At other times, a Davis image could be saying almost anything. What does his ‘modernist vagina building’ inscribed on MetaDesign’s letterhead mean? Or the two soft toys hanging by their ears from a washing line? He would probably relish this ambiguity, since he likes the idea of a critical response that circles endlessly around the subject, opening up further lines of inquiry, without reaching a firm conclusion. But this is the dominant approach in most criticism today (as distinct from evaluative reviewing) and it could be seen as a failure of nerve, a sign of moral exhaustion that cannot be reconciled with a worldview as passionately committed as Davis’s. ‘Being a romantic,’ he says, ‘you are bound to be let down.’ His drawings propose one thing with indelible conviction. It’s not just everyone else who is to blame. It’s all of us.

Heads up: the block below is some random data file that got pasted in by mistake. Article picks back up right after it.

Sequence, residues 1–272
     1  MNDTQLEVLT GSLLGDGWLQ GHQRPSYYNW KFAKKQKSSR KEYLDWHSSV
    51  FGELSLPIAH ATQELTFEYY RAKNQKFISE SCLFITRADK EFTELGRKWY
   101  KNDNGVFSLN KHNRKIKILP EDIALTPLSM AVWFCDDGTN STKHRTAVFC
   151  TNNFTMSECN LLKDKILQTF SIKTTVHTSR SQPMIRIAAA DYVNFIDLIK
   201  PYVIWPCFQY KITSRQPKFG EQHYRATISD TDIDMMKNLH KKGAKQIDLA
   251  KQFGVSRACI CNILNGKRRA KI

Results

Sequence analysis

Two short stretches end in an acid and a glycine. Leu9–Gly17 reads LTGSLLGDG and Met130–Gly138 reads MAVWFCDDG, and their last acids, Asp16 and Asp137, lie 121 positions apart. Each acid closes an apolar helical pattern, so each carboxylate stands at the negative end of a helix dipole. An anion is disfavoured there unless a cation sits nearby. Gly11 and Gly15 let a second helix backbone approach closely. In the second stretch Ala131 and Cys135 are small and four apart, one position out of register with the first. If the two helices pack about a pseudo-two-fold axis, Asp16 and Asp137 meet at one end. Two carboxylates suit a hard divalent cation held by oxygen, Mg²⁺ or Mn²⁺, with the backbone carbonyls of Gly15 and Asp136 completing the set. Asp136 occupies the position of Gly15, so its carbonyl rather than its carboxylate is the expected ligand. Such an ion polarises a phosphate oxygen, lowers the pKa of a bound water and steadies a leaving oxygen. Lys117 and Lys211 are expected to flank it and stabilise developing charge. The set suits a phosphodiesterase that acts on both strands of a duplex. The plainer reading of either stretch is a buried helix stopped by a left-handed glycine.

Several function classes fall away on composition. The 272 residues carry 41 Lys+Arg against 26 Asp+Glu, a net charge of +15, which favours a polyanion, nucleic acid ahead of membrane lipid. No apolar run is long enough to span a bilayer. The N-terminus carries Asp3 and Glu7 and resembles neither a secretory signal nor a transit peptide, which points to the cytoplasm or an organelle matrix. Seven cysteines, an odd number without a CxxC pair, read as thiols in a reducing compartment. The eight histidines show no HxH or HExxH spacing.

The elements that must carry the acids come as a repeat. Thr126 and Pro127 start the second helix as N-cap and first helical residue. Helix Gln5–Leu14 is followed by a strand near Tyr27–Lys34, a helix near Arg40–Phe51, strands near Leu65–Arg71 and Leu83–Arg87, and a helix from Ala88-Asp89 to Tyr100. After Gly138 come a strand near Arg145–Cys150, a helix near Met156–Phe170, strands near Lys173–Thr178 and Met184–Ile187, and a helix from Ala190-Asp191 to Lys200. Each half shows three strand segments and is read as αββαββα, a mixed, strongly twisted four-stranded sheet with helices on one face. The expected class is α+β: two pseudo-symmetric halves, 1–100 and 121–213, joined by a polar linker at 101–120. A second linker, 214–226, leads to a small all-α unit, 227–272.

Rick Poynor, writer, Eye founder, London

First published in Eye no. 55 vol. 14 2005